USA PATRIOT Act Section 311

The most significant action is likely the Notice of Proposed Rulemaking (NPRM) by the  Financial Crimes Enforcement Network (FinCEN) to sever China’s Bank of Dandong from the U.S. financial system under its 311 authority.  Although this is not the first listing of a Chinese bank, it will very likely be the most disruptive.  In 2007, the Treasury Department labeled the Macau-based Banco Delta Asia as a financial institution of primary money laundering concern, and in 2012 listed China’s Bank of Kunlun under an Iran-related sanctions authority.  Continue reading

November 15, 2016

Divergent State and Federal Approaches to AML and Sanctions Threats from China

by Jeremy Paner

empire-state-buildingOn November 4, the  Friday before the U.S. election, the New York Department of Financial Services (DFS) and the U.S. Department of the Treasury’s Financial Crimes Enforcement Network (FinCEN) announced separate enforcement actions targeted at the AML and sanctions threats emanating from China. While DFS explicitly set forth its allegations against a Chinese state bank, the U.S. Treasury Department indirectly signaled its increased pressure on China. FinCEN and the Office of Foreign Assets Control (OFAC) will likely directly target China in the near future.

Agricultural Bank of China

DFS announced that the Agricultural Bank of China, that country’s third largest bank, entered into a Consent Order to resolve violations of New York law requirements involving its compliance program (3 N.Y.C.R.R. § 116.2), books and records (New York Banking Law § 200-c), and reports to the DFS Superintendent (3 N.Y.C.R.R. § 300.1). The bank agreed to pay $215 million and engage an independent monitor to  implement an effective compliance program and conduct an 18-month look-back into additional potential violations. The bank will likely pay significantly more than the initial $215 million required to maintain its New York banking license. Continue reading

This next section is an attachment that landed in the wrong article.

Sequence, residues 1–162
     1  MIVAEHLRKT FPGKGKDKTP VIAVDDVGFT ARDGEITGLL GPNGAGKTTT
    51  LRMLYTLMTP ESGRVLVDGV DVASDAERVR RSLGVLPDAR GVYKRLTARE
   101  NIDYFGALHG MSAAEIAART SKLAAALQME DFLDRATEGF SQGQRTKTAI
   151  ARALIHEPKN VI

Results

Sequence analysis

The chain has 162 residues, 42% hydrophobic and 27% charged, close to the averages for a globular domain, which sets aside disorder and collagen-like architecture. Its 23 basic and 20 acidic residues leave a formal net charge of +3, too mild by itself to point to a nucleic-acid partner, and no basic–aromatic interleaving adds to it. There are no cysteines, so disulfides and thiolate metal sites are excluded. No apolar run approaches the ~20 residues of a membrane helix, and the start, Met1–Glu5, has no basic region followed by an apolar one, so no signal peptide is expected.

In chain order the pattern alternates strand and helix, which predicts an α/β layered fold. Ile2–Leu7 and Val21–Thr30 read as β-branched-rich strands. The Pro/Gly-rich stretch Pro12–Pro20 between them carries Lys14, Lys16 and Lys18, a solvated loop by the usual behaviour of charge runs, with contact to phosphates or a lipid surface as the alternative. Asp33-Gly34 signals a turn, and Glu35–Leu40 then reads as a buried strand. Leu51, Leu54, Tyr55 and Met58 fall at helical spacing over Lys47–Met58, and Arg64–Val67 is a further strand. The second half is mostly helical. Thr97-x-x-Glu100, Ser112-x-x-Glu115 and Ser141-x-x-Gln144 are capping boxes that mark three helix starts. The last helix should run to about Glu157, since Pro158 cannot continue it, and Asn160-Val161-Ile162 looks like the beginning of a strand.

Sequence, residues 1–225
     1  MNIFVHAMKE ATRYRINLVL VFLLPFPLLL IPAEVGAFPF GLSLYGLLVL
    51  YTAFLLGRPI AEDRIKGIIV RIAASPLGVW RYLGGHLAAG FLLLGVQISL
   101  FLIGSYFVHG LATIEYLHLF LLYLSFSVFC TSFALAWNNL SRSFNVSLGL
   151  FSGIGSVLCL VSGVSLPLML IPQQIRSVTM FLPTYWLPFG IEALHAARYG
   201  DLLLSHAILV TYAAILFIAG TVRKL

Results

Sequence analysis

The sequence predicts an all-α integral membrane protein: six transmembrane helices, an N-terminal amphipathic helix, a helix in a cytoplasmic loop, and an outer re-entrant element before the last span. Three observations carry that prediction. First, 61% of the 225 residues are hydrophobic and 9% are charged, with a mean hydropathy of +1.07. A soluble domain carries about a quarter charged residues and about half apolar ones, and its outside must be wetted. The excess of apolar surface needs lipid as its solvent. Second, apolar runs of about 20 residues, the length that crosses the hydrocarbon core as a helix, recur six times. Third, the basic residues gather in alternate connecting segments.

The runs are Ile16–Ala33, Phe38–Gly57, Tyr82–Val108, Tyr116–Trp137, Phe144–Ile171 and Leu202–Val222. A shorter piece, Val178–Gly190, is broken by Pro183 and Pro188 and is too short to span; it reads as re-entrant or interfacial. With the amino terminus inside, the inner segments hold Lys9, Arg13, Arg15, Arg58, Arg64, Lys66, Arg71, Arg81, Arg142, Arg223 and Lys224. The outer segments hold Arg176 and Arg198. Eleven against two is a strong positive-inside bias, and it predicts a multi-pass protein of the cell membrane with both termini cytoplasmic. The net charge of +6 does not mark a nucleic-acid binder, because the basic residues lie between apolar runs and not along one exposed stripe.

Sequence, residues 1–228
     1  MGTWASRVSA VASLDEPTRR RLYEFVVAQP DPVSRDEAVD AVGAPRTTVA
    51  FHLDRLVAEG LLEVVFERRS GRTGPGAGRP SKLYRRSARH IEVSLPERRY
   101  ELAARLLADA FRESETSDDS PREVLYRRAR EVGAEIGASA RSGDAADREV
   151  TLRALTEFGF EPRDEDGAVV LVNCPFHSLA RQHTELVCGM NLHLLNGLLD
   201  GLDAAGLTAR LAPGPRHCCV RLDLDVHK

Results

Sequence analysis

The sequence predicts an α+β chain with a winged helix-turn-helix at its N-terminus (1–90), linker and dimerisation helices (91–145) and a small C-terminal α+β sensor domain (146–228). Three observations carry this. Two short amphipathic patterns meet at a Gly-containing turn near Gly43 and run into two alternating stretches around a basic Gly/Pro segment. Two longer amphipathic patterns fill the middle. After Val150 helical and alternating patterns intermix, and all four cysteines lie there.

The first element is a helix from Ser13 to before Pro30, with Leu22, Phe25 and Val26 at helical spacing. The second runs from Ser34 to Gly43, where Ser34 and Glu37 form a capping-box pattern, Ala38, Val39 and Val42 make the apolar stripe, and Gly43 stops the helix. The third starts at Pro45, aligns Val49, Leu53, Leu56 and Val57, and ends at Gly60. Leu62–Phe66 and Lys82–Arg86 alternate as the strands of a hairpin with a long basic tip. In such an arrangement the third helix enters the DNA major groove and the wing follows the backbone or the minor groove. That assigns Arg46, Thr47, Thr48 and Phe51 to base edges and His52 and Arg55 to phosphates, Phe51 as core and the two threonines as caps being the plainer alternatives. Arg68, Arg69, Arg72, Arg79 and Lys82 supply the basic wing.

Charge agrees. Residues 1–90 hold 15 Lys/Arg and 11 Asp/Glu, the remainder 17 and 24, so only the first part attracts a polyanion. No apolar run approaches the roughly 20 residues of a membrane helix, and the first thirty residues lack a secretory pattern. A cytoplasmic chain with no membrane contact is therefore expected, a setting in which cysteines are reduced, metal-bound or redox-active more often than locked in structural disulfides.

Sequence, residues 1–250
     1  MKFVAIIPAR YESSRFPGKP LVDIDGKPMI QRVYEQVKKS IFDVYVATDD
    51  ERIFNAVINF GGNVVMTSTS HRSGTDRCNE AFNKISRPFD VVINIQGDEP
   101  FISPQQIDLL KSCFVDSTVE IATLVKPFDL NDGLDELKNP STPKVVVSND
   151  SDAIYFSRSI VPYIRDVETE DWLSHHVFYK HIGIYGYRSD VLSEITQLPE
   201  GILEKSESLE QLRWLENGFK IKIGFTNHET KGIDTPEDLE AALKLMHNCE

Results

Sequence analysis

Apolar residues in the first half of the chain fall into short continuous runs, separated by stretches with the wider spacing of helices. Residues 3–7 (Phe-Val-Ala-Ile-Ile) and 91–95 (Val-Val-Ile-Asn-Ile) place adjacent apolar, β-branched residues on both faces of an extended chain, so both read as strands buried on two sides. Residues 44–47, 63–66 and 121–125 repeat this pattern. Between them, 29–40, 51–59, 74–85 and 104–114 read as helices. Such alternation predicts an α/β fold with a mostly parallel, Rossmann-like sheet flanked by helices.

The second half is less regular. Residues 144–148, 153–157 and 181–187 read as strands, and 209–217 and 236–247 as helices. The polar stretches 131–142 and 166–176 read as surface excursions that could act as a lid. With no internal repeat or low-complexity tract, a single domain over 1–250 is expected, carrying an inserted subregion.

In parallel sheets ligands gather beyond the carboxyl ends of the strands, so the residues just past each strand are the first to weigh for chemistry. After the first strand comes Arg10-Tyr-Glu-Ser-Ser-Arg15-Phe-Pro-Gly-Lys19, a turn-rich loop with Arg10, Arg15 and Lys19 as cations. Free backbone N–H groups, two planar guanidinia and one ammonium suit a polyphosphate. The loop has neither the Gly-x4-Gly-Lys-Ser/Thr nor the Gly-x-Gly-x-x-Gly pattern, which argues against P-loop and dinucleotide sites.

February 2, 2016

Continued International and Domestic Coordinated Focus on Money Laundering

by Jeremy Paner

stack_100_dollar_bills_iStock_000005509580XSmallYesterday, the U.S. Drug Enforcement Agency (DEA) announced an unspecified number of arrests of Hizballah money launderers, including Mohamad Noureddine. These arrests followed the U.S. Department of the Treasury’s Office of Foreign Assets Control (OFAC) designation of Noureddine pursuant to its counterterrorism authority. The OFAC press release for this designation identifies Noureddine as a key Hizballah money launderer. According to OFAC,  Noureddine and his company Trade Point International S.A.R.L. established a money laundering network across Asia, Europe, and the Middle East that provides bulk cash shipping and black market currency exchange services for those seeking to hide their ill-gotten gains.

Hizballah International Financing Prevention Act of 2015

Irrespective of the detention of Noureddine, foreign financial intuitions that knowingly facilitate or conduct significant financial transactions for Trade Point International S.A.R.L. may have their U.S. correspondent or payable through accounts severed. OFAC has this authority under Section 102 of the Hizballah International Financing Prevention Act of 2015, which authorizes secondary sanctions on Hizballah. Continue reading